Can This Share With An Attractive Dividend Yield Of 4.6% Sustain Its Dividends?

A high dividend yield can be an attractive thing for investors, but that’s provided the share’s yield is backed by strong business fundamentals.

Otherwise, those payouts can easily shrink in the future if the share’s business condition deteriorates.

Keeping these in mind, what should we make of Aspial Corporation (SGX: A30)?

At the conglomerate’s (Aspial has business interests in jewellery retail, property development, and pawn-broking) current share price of S$0.39, it has an attractive yield of 4.6% based on its dividend of 1.8 Singapore cents per share for the whole of 2014.

In comparison, the SPDR STI ETF (SGX: ES3) – an exchange-traded fund which tracks the fundamentals of Singapore’s market barometer, the Straits Times Index (SGX: ^STI) – has a yield of just 2.7% at the moment.

The anatomy of a strong yield

When I’m out looking for strong business fundamentals, there’re a few things I like to dig into:

  1. The company’s track record in growing and paying its dividend.

This criterion’s importance lies in the insight it can give investors about management’s commitment to reward shareholders as the business grows.

  1. The company’s ability to grow its free cash flow over time and generate it in excess of the dividends paid.

Ultimately, a company pays its dividends with the cash it has and that cash can from a few sources. A company can 1) take on debt, 2) issue new shares, 3) sell its assets, and/or 4) generate cash from its daily business activities.

There are always exceptions, but it’s generally more sustainable for a company to pay its dividends using the cash it has generated from its businesses.

It thus follows that investors should be keeping a close watch on a company’s free cash flow as it is the cash flow from operations that’s left after the firm has spent the necessary capital needed to maintain its businesses at their current state.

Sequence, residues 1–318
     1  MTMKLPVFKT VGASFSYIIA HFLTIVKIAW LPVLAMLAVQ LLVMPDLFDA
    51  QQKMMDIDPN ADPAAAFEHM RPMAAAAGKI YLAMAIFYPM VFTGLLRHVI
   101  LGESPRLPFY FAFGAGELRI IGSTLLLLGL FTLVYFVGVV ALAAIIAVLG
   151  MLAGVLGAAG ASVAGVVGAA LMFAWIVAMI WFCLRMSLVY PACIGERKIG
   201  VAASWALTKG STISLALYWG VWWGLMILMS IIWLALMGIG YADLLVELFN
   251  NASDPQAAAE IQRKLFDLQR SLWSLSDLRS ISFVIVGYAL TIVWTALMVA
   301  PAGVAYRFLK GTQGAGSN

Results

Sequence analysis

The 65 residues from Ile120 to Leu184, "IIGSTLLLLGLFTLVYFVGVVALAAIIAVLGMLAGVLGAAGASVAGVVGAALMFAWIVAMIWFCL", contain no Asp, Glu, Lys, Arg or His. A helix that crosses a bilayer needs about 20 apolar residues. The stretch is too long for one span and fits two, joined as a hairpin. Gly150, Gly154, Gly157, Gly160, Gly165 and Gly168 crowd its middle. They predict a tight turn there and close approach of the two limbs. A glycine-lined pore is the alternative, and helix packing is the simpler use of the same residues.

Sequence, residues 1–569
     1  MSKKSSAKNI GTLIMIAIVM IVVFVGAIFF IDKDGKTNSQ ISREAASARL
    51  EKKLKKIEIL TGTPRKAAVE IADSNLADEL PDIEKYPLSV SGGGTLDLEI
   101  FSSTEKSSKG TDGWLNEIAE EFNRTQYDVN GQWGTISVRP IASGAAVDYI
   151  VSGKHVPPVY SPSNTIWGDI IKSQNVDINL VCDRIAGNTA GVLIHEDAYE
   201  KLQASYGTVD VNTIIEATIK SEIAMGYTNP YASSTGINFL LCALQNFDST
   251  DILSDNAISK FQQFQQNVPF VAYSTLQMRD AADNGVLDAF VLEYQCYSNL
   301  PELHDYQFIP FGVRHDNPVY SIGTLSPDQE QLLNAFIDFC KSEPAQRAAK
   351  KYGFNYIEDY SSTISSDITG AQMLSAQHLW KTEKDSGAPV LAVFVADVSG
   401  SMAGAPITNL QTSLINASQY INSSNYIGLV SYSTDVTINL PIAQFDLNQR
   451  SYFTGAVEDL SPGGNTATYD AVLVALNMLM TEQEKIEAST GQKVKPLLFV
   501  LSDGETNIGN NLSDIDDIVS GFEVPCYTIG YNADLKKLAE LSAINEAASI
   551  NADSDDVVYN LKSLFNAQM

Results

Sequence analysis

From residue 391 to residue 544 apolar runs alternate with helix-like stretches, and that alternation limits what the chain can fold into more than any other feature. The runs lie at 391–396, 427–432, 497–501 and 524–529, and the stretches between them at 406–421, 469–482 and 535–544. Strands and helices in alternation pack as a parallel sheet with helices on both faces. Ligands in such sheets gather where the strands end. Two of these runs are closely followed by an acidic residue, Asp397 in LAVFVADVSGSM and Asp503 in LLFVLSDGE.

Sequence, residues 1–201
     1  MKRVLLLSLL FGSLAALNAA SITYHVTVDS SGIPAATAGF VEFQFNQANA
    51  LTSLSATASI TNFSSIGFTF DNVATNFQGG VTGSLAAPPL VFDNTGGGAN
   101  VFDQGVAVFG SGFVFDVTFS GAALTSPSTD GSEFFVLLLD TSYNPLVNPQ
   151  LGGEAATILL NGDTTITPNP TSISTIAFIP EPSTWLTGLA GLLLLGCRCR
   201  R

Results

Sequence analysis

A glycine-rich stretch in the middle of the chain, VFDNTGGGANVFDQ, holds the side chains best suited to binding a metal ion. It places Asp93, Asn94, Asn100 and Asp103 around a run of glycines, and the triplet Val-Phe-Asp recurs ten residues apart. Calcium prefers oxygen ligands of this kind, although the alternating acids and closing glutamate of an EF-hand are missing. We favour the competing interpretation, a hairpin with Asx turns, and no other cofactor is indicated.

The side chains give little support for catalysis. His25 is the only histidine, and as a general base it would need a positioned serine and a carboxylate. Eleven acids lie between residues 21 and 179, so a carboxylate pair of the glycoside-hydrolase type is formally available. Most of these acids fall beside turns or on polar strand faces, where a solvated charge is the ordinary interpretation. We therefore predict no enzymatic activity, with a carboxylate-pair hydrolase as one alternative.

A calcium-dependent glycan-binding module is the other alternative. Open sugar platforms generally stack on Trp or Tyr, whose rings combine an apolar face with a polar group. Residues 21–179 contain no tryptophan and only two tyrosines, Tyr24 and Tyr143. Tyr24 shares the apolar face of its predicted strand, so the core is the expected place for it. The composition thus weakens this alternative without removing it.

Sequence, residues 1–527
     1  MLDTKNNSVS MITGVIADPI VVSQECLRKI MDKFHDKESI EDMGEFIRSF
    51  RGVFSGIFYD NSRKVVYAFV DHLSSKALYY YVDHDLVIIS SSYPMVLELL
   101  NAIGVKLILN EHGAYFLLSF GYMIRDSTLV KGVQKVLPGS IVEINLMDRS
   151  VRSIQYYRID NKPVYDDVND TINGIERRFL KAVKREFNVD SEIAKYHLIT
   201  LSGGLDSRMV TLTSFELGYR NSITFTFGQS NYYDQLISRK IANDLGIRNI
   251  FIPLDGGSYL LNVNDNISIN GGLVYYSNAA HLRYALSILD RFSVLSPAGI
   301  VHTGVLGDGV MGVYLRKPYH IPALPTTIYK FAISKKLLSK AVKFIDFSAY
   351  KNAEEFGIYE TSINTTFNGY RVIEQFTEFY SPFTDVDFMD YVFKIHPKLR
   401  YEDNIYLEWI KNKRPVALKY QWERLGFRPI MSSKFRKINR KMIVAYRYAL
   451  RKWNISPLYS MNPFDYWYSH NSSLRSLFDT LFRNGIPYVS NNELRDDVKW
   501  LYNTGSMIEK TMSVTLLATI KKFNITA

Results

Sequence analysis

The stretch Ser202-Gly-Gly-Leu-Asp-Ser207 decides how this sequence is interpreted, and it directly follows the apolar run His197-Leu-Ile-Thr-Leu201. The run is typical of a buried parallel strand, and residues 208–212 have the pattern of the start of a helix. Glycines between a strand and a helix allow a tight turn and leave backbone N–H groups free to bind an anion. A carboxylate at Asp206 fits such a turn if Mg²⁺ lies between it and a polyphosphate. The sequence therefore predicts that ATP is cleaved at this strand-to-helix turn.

1. The strength of the company’s balance sheet.

When a company has a weak balance sheet that’s laden with debt, its dividends can be at risk of being reduced or removed – either due to pressures from creditors or from a simple lack of cash – even at the slightest hiccup in the fortunes of its business.

In contrast, a strong balance sheet that is flush with cash gives a company a better ability to tide over tough times and emerge relatively unscathed.

Scoring the firm

Here’re two charts which show how Aspial has fared against the three criteria:

Aspial's dividends and free cash flow

Aspial's balance sheet figures

Source: S&P Capital IQ

As you might have been able to tell from the charts, Aspial hasn’t scored too well.

Over the 10 year period from 2004 to 2014, Aspial’s dividends have climbed, but they’ve been very erratic as well. The company’s free cash flow has also been negative for the most part with the financial metric showing signs of a sustained decline.

Aspial’s balance sheet has also been weak with its borrowings exceeding the level of cash throughout the period under study. It’s worth noting too that the firm’s borrowings have grown at a significantly much faster pace than its cash holdings.

A Fool’s take

Given what we’ve seen with Aspial – the firm’s erratic dividends, inability to generate free cash flow, and a steadily weakening balance sheet – there’s a chance that the company’s current level of dividends may not be sustainable.

That being said, it’s important to note that this look at Aspial’s historical financials is certainly not a holistic overview of the overall picture. Investors would still have to dig into the qualitative aspects of the firm’s business and consider if better days really are ahead.

A study of Aspial’s financial history can be important and informative, but more work needs to be done beyond that in order to have a better handle on the company’s investing merits (or lack thereof).

For more analyses on dividend investing and important updates about the stock market, sign up to The Motley Fool Singapore's free weekly investing newsletter, Take Stock Singapore. Written by David Kuo, it can help you grow your wealth in the years ahead.

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The information provided is for general information purposes only and is not intended to be personalised investment or financial advice. Motley Fool Singapore writer Chong Ser Jing doesn't own shares in any company mentioned.